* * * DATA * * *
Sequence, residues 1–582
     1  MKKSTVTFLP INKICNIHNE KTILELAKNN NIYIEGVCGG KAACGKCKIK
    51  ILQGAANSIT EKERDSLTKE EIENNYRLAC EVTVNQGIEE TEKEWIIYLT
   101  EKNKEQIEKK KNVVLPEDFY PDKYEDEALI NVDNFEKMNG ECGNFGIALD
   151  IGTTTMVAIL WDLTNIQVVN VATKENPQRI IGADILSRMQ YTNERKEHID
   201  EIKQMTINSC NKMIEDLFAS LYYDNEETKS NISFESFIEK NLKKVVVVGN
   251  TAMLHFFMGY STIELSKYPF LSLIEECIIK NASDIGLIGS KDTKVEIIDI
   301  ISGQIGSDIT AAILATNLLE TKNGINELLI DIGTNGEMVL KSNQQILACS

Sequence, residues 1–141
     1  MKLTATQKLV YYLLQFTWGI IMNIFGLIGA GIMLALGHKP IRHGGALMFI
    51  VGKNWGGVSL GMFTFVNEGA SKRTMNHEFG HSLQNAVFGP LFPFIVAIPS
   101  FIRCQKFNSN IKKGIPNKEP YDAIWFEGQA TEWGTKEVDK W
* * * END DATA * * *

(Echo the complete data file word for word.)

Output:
Sequence, residues 1–582
     1  MKKSTVTFLP INKICNIHNE KTILELAKNN NIYIEGVCGG KAACGKCKIK
    51  ILQGAANSIT EKERDSLTKE EIENNYRLAC EVTVNQGIEE TEKEWIIYLT
   101  EKNKEQIEKK KNVVLPEDFY PDKYEDEALI NVDNFEKMNG ECGNFGIALD
   151  IGTTTMVAIL WDLTNIQVVN VATKENPQRI IGADILSRMQ YTNERKEHID
   201  EIKQMTINSC NKMIEDLFAS LYYDNEETKS NISFESFIEK NLKKVVVVGN
   251  TAMLHFFMGY STIELSKYPF LSLIEECIIK NASDIGLIGS KDTKVEIIDI
   301  ISGQIGSDIT AAILATNLLE TKNGINELLI DIGTNGEMVL KSNQQILACS

Sequence, residues 1–141
     1  MKLTATQKLV YYLLQFTWGI IMNIFGLIGA GIMLALGHKP IRHGGALMFI
    51  VGKNWGGVSL GMFTFVNEGA SKRTMNHEFG HSLQNAVFGP LFPFIVAIPS
   101  FIRCQKFNSN IKKGIPNKEP YDAIWFEGQA TEWGTKEVDK W